The recipe uses 4 lb. of beef round or chuck, 2 cups wine vinegar, 3 cups beer, 2 onions, 2 tbsp. pickling spices, 3 tbsp. brown sugar, 1 tbsp. salt, flour to dredge the meat, and Mazola to brown. Of course, sour cream enters into it too. Not hard to make but you need time for the marination.

Despite the use of beer, the recipe is not like a carbonade flamande in that much more vinegar is used, and the mustard and herbs of the Belgian dish are absent. Still, it is easy to see the general connection. And indeed for cooks in Flanders or Brussels who use spice bread in their carbonade and put in a swirl of crème fraiche to enrich the dish, it probably bears more than a passing resemblance to a beer sauerbraten.

The more classic wine sauerbraten does have a different taste though. Bacchus puts it on a different vector!

Sauerbraten, any version, is due for a revival. Maybe Anthony Bourdain: Parts Unknown will hunt down a good one, or Rachel Ray.

I’ve made some of Ruth Neumann’s dishes – her lamb curry with addition of gin, or “Bourbon-cued Chicken” are terrific – but not the beer sauerbraten. One day I’ll try it though. As the saying goes, what’s not to like…

Note re image:  This image is in the public domain and was sourced here.



A Classic Beer Dish: Carbonade Flamande

Carbonade flamande is a simmered or baked dish whose essentials are meat, onions, beer, and sometimes stock. Vinegar, sugar, herbs, and/or mustard often figure as well. A thickening of some kind is usually present: bread, flour, or another starch.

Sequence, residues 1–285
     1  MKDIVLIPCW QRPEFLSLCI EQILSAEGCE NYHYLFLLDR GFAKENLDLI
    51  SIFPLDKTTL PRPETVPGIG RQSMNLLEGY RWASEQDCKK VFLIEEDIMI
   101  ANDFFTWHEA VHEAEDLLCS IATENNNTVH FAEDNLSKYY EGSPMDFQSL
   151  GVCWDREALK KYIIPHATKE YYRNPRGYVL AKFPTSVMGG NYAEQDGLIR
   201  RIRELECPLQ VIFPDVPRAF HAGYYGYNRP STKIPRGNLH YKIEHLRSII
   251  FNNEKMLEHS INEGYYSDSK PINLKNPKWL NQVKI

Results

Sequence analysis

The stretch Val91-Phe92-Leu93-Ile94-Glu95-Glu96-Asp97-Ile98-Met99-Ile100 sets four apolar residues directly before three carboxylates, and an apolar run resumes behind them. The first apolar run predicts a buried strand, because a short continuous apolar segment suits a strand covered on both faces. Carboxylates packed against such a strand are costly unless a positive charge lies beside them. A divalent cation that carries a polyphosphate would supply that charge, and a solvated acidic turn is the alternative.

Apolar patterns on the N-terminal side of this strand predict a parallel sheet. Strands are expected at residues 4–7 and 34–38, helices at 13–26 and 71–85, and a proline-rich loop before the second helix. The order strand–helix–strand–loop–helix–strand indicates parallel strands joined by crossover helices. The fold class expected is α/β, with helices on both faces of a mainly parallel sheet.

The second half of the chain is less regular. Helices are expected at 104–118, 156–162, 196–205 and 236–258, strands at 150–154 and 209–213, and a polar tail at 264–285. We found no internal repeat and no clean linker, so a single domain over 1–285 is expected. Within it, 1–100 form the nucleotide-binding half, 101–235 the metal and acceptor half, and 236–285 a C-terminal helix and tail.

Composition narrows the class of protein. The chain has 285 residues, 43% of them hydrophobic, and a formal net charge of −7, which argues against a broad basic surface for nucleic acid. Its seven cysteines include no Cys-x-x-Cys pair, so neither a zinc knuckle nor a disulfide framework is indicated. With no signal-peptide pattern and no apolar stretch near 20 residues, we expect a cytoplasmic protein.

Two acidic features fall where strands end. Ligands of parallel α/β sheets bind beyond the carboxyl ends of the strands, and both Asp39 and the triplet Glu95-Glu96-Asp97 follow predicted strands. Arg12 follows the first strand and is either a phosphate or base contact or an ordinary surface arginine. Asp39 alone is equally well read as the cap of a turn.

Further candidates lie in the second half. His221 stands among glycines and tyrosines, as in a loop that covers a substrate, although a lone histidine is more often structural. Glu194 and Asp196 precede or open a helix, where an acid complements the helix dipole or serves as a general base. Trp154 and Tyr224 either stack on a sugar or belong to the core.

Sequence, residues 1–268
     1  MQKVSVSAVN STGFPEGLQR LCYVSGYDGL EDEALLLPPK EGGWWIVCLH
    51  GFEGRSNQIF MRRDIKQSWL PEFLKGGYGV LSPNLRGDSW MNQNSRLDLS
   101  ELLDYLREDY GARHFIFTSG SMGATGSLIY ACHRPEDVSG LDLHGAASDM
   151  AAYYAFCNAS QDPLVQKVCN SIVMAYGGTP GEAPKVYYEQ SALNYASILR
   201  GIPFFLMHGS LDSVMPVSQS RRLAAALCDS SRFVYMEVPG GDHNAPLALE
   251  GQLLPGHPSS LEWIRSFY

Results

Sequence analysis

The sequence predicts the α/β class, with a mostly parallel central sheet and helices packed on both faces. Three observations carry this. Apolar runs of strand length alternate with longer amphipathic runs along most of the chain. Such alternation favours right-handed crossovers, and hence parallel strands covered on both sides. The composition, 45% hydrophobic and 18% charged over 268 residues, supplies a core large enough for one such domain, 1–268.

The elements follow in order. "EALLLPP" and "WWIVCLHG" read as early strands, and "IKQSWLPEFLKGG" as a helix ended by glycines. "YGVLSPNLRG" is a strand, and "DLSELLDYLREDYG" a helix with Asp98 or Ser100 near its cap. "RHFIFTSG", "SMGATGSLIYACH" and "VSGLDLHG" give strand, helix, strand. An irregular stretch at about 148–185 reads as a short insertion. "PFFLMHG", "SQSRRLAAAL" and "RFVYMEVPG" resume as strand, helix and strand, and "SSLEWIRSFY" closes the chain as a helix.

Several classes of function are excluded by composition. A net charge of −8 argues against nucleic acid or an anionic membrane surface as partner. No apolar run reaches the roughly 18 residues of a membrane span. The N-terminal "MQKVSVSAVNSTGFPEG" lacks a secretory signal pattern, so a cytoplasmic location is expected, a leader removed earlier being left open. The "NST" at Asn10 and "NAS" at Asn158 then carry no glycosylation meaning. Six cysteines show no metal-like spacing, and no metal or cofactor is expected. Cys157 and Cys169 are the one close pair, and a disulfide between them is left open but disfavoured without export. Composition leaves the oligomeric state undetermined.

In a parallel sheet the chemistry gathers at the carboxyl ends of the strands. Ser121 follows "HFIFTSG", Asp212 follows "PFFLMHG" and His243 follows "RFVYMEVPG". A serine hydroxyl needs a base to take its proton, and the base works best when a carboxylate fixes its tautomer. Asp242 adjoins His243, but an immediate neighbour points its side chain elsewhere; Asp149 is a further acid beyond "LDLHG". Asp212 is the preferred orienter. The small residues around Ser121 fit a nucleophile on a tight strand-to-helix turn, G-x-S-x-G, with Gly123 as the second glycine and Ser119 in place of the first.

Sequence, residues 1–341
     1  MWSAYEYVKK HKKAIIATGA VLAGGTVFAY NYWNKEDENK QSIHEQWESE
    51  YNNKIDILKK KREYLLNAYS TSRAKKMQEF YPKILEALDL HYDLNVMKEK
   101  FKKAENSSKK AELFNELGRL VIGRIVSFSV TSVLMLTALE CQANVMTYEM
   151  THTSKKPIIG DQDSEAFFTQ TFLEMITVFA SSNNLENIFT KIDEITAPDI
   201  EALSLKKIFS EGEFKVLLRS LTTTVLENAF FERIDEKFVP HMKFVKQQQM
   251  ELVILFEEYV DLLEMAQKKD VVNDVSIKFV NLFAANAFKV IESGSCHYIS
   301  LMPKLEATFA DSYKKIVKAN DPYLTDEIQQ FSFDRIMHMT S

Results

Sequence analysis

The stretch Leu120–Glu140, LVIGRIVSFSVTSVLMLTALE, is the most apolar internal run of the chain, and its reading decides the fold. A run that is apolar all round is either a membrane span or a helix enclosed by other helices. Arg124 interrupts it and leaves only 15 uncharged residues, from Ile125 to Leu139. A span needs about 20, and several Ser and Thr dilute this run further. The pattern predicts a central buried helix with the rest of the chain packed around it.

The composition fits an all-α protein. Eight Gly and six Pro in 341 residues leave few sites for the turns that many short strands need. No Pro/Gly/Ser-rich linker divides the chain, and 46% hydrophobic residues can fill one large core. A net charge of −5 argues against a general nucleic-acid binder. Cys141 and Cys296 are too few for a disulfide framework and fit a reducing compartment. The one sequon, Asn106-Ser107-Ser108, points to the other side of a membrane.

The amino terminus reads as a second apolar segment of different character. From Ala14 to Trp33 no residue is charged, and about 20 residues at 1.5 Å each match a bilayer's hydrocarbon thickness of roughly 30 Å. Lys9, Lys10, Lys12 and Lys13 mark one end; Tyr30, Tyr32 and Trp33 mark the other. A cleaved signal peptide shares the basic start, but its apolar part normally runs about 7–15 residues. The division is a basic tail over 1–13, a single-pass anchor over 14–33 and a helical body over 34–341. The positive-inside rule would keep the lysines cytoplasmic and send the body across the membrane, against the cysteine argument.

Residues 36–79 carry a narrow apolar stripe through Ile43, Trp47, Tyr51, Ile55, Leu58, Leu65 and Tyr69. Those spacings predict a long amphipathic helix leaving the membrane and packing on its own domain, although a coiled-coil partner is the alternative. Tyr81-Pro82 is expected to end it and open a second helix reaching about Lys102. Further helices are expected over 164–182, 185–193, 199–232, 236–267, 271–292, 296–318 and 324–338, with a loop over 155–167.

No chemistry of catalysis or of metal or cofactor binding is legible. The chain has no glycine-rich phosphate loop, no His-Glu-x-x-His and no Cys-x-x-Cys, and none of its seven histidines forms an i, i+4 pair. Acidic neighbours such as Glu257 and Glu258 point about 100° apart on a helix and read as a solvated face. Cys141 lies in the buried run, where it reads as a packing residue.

Spelling varies, you will also see carbonnades flamande or à la flamande, and the noun can be singular or plural.

The dish is a star performer in the cookery of old Flanders, an area which straddles three modern countries: France around Lille and into Pas-de-Calais, Belgium, and Holland.

Carbonade flamande is perhaps the best-known dish of beer cookery, rivaled only by Welsh Rabbit, a melted cheese and beer dish. The latter also enjoys popularity in parts of historical Flanders.

There are many recipes for Flemish carbonade, in countless books and online. Most are similar in the main points. I set out below the recipe I feel gives best results. I stick to beef among the meats, as I find the result best that way, but it is interesting to try pork or veal.

“Carbonade” seems to derive from carbonado, which is connected to the terms charbon (coal), carbonized, and cognates.

Carbonade was meat cooked over a bed of coals or burning embers, not a braised or baked dish as it is today. How these evolutions occur is one of the mysteries of food history.

A point of interest: searching Google Books limited to the 19th century produced a few carbonade recipes, yet none that involves beer! The recipes are similar to today’s but call for vinegar, stock, water, or some combination.*